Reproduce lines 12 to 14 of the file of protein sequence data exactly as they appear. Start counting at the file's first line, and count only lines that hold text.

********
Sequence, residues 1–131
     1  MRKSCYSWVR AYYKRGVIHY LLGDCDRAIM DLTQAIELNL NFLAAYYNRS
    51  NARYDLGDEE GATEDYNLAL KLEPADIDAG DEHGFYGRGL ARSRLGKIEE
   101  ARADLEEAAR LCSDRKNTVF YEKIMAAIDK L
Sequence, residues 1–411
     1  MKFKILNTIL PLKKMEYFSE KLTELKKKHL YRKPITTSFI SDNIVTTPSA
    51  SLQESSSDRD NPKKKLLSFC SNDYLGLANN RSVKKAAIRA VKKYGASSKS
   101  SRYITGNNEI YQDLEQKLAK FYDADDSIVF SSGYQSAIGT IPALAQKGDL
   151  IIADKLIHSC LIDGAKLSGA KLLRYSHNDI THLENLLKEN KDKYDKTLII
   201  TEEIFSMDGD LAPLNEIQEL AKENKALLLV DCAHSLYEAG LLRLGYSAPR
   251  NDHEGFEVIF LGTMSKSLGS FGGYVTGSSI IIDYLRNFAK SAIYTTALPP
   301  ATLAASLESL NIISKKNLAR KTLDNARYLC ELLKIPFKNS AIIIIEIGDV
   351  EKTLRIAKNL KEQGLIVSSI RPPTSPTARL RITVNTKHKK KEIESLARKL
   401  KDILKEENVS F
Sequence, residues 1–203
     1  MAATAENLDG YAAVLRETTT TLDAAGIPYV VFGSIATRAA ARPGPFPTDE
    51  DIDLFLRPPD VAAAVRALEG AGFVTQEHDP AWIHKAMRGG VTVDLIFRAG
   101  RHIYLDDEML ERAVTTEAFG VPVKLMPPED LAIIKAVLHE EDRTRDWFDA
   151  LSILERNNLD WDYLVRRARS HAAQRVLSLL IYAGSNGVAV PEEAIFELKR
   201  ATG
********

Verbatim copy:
   301  ATLAASLESL NIISKKNLAR KTLDNARYLC ELLKIPFKNS AIIIIEIGDV
   351  EKTLRIAKNL KEQGLIVSSI RPPTSPTARL RITVNTKHKK KEIESLARKL
   401  KDILKEENVS F